Volunteer naturalists line up in a Seattle Park. Image by Seattle Parks & Recreation via Flickr (CC BY 2.0)

Thanks to a generous grant from the National Association of Science Writers Idea Grants program, we’re expanding our operations.

That means we’ll be redesigning our site and adding behind-the-scenes content about the writing and reporting of featured pieces.

It also means that we’re seeking new volunteers to join our team. (Under the terms of our current grant, we are only able to offer monetary compensation to the Grant-Writing and Design & Web Infrastructure team members at this time, but we hope to change that in the not-too-distant future.)

Open positions include:

GRANT-WRITING (monetary compensation available)


(A Highly Subjective Round-up of Standout Science News)

Header from an 1884 science magazine called Knowledge, led by British astronomer Richard Anthony Proctor. Its tagline reads: “A magazine of science: plainly worded — exactly described.” Image via Wikimedia Commons & public domain.

Late January 2017 saw a shift in science journalism so subtle that you probably wouldn’t notice it unless you make your living writing press releases. I happened to be interning in the press office of a prominent family of scientific journals that publishes basic research almost exclusively, so I felt it. And since our press office tracks the coverage of all studies from its journals, I saw data, too.

What we noticed is coverage of our papers in the first half of January 2017 looked a lot like the first half of January 2016. But on January 20, 2017, coverage…


(A Highly Subjective Round-up of Standout Science News)

A fish-eyed view of a newsstand in Paris. Photo by Mark Mitchell via Flickr & Creative Commons 2.0 License

Science writing at its best doesn’t just impart facts; it has the potential to change the way we think about issues and phenomena. And yet, the vast majority of pieces on science writing–especially the short news stories designed to be consumed on a daily basis–simply focus on telling stories to people who are already interested in science.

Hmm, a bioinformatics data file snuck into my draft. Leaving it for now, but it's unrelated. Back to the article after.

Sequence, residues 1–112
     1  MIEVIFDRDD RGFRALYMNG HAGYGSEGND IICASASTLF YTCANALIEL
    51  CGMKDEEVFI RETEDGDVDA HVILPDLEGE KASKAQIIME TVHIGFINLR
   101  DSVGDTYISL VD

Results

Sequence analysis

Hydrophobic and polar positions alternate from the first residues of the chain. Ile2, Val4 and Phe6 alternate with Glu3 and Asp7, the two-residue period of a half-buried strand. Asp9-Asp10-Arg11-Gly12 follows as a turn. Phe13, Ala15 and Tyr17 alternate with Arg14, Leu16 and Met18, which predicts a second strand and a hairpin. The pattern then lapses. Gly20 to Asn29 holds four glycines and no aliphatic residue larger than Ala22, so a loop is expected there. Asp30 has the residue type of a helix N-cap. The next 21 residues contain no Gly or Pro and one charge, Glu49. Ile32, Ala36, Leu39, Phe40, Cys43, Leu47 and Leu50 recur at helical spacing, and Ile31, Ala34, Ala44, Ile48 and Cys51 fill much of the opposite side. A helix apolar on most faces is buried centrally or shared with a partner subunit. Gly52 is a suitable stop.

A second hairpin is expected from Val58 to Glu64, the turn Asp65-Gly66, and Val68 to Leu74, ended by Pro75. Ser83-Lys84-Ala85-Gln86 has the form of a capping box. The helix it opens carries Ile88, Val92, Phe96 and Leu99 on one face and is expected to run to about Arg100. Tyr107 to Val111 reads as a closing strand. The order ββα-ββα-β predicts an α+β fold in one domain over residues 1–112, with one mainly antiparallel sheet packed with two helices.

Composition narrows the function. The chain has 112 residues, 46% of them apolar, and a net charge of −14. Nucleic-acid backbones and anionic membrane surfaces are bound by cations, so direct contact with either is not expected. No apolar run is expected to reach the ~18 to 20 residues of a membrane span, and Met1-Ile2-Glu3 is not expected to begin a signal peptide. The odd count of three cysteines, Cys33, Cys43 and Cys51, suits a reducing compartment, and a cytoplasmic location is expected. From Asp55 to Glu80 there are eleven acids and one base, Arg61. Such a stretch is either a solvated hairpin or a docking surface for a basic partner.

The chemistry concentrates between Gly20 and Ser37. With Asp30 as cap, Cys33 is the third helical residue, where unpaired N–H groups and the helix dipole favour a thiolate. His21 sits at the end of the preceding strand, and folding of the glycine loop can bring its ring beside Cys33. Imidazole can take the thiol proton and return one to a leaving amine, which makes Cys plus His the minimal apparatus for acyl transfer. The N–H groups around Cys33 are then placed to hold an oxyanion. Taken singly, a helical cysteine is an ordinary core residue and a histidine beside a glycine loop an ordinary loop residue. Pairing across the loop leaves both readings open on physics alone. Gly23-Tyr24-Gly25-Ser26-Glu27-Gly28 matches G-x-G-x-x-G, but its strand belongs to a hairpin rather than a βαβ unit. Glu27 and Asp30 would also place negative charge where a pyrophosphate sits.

The shortforms–the daily news briefs, front-of-book blurbs, and succinct blog posts– are the training grounds for emerging science writing writers, but they’re also underused as a place for experimenting with new ways to convey science…


(A Highly Subjective Round-up of Standout Science News)

After nine months of searching through short science stories with an eye out for some of the best that the genre has to offer, I’ve come to a conclusion: Investigative pieces under 1200 words are rare.

Since the investigative genre often hinges on journalists showing their work and offering evidence on top of evidence on top of evidence, the relative dearth of short-n-sweet investigative pieces makes sense from a logistics perspective. …


(A Highly Subjective Round-up of Standout Science News)

The online science news ecosystem teems with blog posts and videos about animals doing interesting things. And why not? Animals are fascinating, adorable, and beloved by the science nerds who frequent science news websites. Many of those stories are well-written. So when you’re sitting down to choose “standout” shortform science writing, how do you choose between them?

News judgement”–the journalese terms for “ability to spot impactful stories”– was the subject of a lively Google Hangout debate amongst the Best Shortform Science Writing editors: Did we want to highlight the articles with the…


(A Highly Subjective Round-up of Standout Science News)

How short is a shortform piece of journalism? Under 250 words? Where does that leave all the pieces clocking in at 500, 700, or 1200 words? Those were the first questions that reared their heads when I decided to attempt to compile a list of “best” shortform science writing from the first quarter of this year.

Creating a taxonomy of short non-fiction seemed to be the way to go, but doing so proved tricky.

Science Shortform Project

The Best Shortform Science Writing project highlights standout science writing. Curated quarterly. Tag us to nominate pieces #scicomm #scistory #sciencemedia

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